With all good magical wishes,
Take it easy.

Lester
Paulo Cabrita
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You need the magician help to recomend the best illusions you can get/buy, or what kind of magic do you like.In the begging he get some tricks just to collection! Be careful with some magic dealers!

all the best

Paulo
arp
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Thanks for all the advice guys. Ill stick to Mark Wilson's. Cheers for all your help.

What about basic stuff I should get? Like sponge balls. Are there any other things I need to get to work through Mark Wilson's? I have cards, and coins.. haha.

Arp
Andy the cardician
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Great - keep us updated . . .

as for the other things, just start wit the Book and let it guide you
Cards never lie
msc455magic
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Taipei, Taiwan
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If you are into cards, get "The Classic Magic of Larry Jennings" and a few decks of cards. Then you will be set for quite a while.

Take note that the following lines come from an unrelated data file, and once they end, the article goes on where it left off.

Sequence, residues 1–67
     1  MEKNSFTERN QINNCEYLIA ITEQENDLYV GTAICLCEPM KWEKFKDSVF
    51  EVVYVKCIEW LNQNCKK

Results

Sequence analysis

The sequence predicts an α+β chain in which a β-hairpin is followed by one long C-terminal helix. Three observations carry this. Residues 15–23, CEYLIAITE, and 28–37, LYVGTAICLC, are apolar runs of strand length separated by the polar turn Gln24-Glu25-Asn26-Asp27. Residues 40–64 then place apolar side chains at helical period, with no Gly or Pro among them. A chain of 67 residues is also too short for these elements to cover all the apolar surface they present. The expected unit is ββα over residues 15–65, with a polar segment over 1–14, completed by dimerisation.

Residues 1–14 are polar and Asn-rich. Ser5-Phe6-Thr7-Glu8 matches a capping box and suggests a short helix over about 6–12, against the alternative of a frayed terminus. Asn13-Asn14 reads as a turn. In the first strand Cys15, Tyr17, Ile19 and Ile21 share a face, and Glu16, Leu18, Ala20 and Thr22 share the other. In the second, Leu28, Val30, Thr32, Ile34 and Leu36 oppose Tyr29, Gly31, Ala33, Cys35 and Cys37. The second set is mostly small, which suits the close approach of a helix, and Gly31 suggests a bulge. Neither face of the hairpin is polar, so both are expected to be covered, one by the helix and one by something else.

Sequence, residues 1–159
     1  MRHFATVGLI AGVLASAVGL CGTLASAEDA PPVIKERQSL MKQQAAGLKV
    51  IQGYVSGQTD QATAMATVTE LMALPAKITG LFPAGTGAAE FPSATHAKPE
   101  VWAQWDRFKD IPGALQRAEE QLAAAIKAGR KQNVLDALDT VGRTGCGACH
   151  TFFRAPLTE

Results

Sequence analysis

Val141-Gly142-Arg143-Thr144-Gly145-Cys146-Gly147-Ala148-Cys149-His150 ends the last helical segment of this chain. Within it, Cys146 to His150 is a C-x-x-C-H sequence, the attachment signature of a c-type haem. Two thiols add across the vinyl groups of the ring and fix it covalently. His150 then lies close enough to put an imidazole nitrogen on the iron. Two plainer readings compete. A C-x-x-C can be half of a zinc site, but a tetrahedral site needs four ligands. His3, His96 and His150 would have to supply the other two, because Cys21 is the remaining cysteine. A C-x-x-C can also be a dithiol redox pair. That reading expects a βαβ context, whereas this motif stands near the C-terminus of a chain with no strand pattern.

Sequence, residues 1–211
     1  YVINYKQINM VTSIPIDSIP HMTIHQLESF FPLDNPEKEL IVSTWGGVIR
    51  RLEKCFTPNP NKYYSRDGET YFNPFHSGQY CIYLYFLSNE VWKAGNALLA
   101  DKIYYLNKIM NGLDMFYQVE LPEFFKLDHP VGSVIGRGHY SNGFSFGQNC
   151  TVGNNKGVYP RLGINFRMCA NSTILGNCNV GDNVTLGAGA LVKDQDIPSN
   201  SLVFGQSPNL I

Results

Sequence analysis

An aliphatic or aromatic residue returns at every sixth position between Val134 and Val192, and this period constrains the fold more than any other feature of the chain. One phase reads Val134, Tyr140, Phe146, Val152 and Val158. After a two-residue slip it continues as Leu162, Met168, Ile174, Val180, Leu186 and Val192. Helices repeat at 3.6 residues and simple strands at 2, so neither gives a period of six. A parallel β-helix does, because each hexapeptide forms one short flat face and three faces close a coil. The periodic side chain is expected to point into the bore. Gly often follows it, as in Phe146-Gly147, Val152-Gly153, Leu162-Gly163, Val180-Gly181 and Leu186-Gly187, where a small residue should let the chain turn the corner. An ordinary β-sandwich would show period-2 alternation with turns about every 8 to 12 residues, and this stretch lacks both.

Andy the cardician
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Quote:
On 2007-08-19 23:42, msc455magic wrote:
If you are into cards, get "The Classic Magic of Larry Jennings" and a few decks of cards. Then you will be set for quite a while.


I would not recommend that book for a beginner . . .

But certainly as a good next step
Cards never lie
Billgussen
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You sound like you want to do Sponge Balls. If you really want to do it, then that's what you should do. I recommend the Secret Seminars of Magic with Patrick Page DVD volume 5. It's very inexpensive as DVDs go, and it'll give you everything you will want to know about Sponge Balls (except for the balls themselves which you have to buy separately).

But, although you can do a pretty entertaining routine with sponge balls, they aren't the most practical magical prop out there. More practical areas would be rubberband magic, coin magic, to a certain extent card magic, or maybe rope magic. These mainly use items found in a normal household whereas sponge balls are only really found in magic shops.

Still, do what interests you. It will be better incentive to keep up your practicing.

Bill